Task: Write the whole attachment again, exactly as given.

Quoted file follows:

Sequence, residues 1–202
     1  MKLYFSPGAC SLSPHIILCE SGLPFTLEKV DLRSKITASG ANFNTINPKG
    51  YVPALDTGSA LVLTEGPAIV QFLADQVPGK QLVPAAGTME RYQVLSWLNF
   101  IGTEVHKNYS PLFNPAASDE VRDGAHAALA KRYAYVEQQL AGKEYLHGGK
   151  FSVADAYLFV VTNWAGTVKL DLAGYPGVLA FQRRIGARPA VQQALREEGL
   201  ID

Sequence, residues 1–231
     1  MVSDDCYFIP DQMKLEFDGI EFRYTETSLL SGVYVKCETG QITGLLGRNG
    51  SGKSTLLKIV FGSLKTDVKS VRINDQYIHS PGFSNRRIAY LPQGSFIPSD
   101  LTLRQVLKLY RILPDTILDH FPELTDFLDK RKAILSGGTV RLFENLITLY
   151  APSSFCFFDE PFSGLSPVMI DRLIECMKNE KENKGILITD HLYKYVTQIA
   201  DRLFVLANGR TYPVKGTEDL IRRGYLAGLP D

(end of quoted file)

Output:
Sequence, residues 1–202
     1  MKLYFSPGAC SLSPHIILCE SGLPFTLEKV DLRSKITASG ANFNTINPKG
    51  YVPALDTGSA LVLTEGPAIV QFLADQVPGK QLVPAAGTME RYQVLSWLNF
   101  IGTEVHKNYS PLFNPAASDE VRDGAHAALA KRYAYVEQQL AGKEYLHGGK
   151  FSVADAYLFV VTNWAGTVKL DLAGYPGVLA FQRRIGARPA VQQALREEGL
   201  ID

Sequence, residues 1–231
     1  MVSDDCYFIP DQMKLEFDGI EFRYTETSLL SGVYVKCETG QITGLLGRNG
    51  SGKSTLLKIV FGSLKTDVKS VRINDQYIHS PGFSNRRIAY LPQGSFIPSD
   101  LTLRQVLKLY RILPDTILDH FPELTDFLDK RKAILSGGTV RLFENLITLY
   151  APSSFCFFDE PFSGLSPVMI DRLIECMKNE KENKGILITD HLYKYVTQIA
   201  DRLFVLANGR TYPVKGTEDL IRRGYLAGLP D